Gillani herself stands as the first female journalist in AJK to have worked within the region, paving the way for others. Prior to her, women aspiring to become journalists were compelled to seek opportunities outside AJK, as the prevailing culture within the region did not permit them to work alongside men in the field, a societal norm that significantly hindered women from collaborating with their male counterparts in the journalism profession. She went on to reveal the pervasive discrimination faced by women within the community, primarily at the hands of men. These discriminatory attitudes frequently deter girls from advancing in their journalism careers, underscoring the imperative need for more extensive gender equality
Political pressures & financial limitations
During the conversation with Gillani, it became evident that political parties wield considerable influence, further compounding the challenges faced by aspiring female journalists in AJK. The pressures exerted by these political entities can serve as a significant deterrent for women seeking to establish themselves in the field. Additionally, she highlighted the economic constraints that pervade the journalism landscape of AJK. The region grapples with limited financial resources and heavily depends on support and resources from Pakistani media houses, presenting a significant obstacle to the growth and sustainability of journalism within AJK.
Arifa Mehmood, an experienced journalist with around 15 years of involvement in the field, addressed the resistance encountered by women entering journalism in AJK. She pointed out that society clings to traditional beliefs, resisting the idea of women leaving their homes to collaborate with men in a workplace setting.
Furthermore, Arifa underscored the pressing concern of harassment, particularly in male-dominated environments. “Personally, I have not encountered harassment thus far, but it is regrettably a common issue faced by many women,” she said. “To tackle this, there is a pressing need for awareness campaigns and training initiatives for women in AJK.” Numerous women experience harassment in their workplaces, emphasising the need for heightened awareness and interventions to ensure a safe and inclusive work environment for female journalists.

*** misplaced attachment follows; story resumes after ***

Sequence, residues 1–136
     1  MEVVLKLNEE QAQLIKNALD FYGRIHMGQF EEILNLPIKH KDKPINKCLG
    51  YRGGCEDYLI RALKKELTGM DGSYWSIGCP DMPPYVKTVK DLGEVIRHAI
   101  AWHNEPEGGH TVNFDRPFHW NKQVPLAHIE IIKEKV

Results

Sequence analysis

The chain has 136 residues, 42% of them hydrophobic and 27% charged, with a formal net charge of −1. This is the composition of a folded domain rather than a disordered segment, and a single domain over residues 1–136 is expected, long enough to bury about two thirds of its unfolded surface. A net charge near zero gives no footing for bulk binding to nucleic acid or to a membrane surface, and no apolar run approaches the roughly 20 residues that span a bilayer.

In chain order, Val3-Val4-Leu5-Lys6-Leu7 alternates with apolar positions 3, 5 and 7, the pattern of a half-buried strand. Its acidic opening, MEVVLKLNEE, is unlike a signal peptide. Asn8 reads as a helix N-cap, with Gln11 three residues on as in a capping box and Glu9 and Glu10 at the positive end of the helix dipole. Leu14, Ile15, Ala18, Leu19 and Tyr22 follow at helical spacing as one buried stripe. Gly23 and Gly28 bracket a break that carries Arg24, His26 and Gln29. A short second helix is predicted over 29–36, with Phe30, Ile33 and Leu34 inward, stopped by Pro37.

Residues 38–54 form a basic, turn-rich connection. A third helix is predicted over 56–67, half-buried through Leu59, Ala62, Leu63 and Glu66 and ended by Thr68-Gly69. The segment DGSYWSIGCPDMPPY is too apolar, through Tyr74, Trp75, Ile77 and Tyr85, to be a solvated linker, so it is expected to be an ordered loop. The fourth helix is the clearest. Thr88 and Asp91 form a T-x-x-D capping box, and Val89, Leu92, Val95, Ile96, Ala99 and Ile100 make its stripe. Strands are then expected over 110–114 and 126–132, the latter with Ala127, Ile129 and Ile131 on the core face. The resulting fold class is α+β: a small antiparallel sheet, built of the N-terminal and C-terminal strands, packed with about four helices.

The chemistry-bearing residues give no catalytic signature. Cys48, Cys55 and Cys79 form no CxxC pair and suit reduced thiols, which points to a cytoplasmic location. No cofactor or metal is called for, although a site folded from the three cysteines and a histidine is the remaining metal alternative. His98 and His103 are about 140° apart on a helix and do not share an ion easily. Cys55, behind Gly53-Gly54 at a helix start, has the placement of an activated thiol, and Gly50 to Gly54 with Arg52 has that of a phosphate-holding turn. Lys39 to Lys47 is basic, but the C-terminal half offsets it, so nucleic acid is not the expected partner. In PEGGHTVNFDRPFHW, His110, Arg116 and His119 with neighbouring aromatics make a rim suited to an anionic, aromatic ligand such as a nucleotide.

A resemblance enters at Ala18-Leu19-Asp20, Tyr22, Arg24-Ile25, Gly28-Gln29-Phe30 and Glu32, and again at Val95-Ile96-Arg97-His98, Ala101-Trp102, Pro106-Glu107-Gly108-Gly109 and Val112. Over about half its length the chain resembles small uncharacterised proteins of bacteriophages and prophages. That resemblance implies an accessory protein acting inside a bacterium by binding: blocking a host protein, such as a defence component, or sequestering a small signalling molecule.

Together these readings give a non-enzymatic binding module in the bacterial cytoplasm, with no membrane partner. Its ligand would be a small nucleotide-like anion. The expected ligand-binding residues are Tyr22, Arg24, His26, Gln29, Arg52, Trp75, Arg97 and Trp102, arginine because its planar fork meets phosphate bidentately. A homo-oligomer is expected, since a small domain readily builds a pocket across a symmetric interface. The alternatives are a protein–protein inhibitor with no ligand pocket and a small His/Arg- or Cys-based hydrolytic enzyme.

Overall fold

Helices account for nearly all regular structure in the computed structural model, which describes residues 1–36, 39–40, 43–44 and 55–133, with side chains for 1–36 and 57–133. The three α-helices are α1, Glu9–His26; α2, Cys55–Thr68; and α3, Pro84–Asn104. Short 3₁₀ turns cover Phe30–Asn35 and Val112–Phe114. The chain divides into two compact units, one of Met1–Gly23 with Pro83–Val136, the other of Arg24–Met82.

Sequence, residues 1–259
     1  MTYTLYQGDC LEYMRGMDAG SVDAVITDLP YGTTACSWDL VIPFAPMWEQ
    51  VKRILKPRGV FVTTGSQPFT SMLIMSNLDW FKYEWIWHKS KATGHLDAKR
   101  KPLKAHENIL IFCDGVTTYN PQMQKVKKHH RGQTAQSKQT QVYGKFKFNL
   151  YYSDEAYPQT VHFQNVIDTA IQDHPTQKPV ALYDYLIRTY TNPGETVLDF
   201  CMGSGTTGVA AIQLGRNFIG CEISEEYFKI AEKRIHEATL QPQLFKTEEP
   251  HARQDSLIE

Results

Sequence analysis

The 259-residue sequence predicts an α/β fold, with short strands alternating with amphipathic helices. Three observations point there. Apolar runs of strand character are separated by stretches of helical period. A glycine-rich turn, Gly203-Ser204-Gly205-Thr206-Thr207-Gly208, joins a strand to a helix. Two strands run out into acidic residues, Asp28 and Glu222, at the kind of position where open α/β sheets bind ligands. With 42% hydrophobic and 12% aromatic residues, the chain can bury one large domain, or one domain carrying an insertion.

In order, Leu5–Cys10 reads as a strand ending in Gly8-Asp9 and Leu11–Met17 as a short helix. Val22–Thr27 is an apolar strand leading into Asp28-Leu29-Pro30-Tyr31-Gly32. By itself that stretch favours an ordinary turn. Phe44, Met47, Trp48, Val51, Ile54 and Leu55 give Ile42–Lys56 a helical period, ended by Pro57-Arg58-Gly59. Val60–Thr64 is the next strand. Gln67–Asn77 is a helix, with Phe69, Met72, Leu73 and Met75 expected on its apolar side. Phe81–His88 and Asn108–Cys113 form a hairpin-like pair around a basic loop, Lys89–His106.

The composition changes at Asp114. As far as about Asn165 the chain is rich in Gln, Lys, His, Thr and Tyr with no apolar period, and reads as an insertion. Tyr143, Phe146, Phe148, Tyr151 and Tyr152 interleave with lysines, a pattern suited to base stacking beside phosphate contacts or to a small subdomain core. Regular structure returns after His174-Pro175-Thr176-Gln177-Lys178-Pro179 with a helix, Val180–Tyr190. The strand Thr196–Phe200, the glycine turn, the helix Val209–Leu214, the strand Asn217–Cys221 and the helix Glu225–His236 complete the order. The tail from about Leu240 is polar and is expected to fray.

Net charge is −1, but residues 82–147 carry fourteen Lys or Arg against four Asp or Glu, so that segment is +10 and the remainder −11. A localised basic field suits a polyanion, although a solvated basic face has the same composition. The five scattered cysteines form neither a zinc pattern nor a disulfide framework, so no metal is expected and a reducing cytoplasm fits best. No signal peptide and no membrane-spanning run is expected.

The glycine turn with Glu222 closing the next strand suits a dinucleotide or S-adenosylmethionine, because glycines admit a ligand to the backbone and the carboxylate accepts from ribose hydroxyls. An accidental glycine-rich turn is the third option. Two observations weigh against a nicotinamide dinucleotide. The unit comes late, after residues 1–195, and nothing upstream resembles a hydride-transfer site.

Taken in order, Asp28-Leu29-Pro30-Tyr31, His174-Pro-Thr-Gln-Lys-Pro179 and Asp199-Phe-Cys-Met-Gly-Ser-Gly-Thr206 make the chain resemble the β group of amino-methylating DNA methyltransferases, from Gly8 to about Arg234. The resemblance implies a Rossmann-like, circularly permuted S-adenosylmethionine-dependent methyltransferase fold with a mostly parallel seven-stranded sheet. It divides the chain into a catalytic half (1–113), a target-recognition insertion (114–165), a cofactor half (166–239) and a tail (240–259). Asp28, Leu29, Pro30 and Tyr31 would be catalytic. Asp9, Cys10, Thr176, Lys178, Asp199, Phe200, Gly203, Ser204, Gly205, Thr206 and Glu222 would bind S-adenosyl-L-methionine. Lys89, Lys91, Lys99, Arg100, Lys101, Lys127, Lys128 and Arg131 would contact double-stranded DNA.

For her own success in the field, Arifa credited her family for their unflinching support and encouragement. “My daughter is greatly motivated by observing my work, and I am fully dedicated to mentoring her for a potential career in this profession in the future,” she shared.
Hina Mahboob Awan, a recent graduate from the mass communication department at a local university, initially made an independent choice to pursue a career in journalism. She noted that she received substantial support from her family. However, with time and a deeper understanding of the field, she has come to realise that journalism work in AJK is more challenging than it initially appeared. “Working in the field in Azad Jammu and Kashmir is exceptionally challenging. Entering this profession, you often get to hear disheartening comments about women, which can be highly demotivating,” she lamented, sharing that her aim now is to embark on a journalism career in Islamabad or another city as soon as she completes her studies.
Atia Fayyaz, another mass communication graduate in Mass Communication, expressed her desire to enter the field is driven by the scarcity of women in journalism in AJK. She aspires to work for her city, with a particular focus on raising awareness about the Kashmir issue.
Ayesha, who aspires to enroll in a mass communication department in the future, faces a significant challenge. She shared that her mother is currently unwilling to permit her to pursue admission in this department. During a conversation with her mother, she expressed her concerns, explaining that she does not want her daughter to enter a profession where she might have to continually grapple with stress and encounter negative comments from people. As a result, her mother prefers Ayesha to seek admission in a different department.
I wish for my daughter to pursue her graduation in a different subject and eventually become a lecturer in a reputable institution. I am determined not to allow her to enter journalism because I believe there is limited scope for it here, and I want to shield my daughter from any potential negative perceptions,” Ayesha’s mother said.
Wahid Iqbal Butt, the President of Azad Kashmir Press Club, noted that when people choose a field, they often consider the opportunities it provides. In AJK, however, the field of journalism currently lacks distinct opportunities for both men and women, he stressed. “But, women shouldn’t step back now. They are making progress in every field, and in our society, both men and women are advancing equally. Our endeavour is to foster a conducive environment for women within the Press Club, and we wholeheartedly encourage women to step forward in this field to further their progress and well-being.”
Source: T Magazine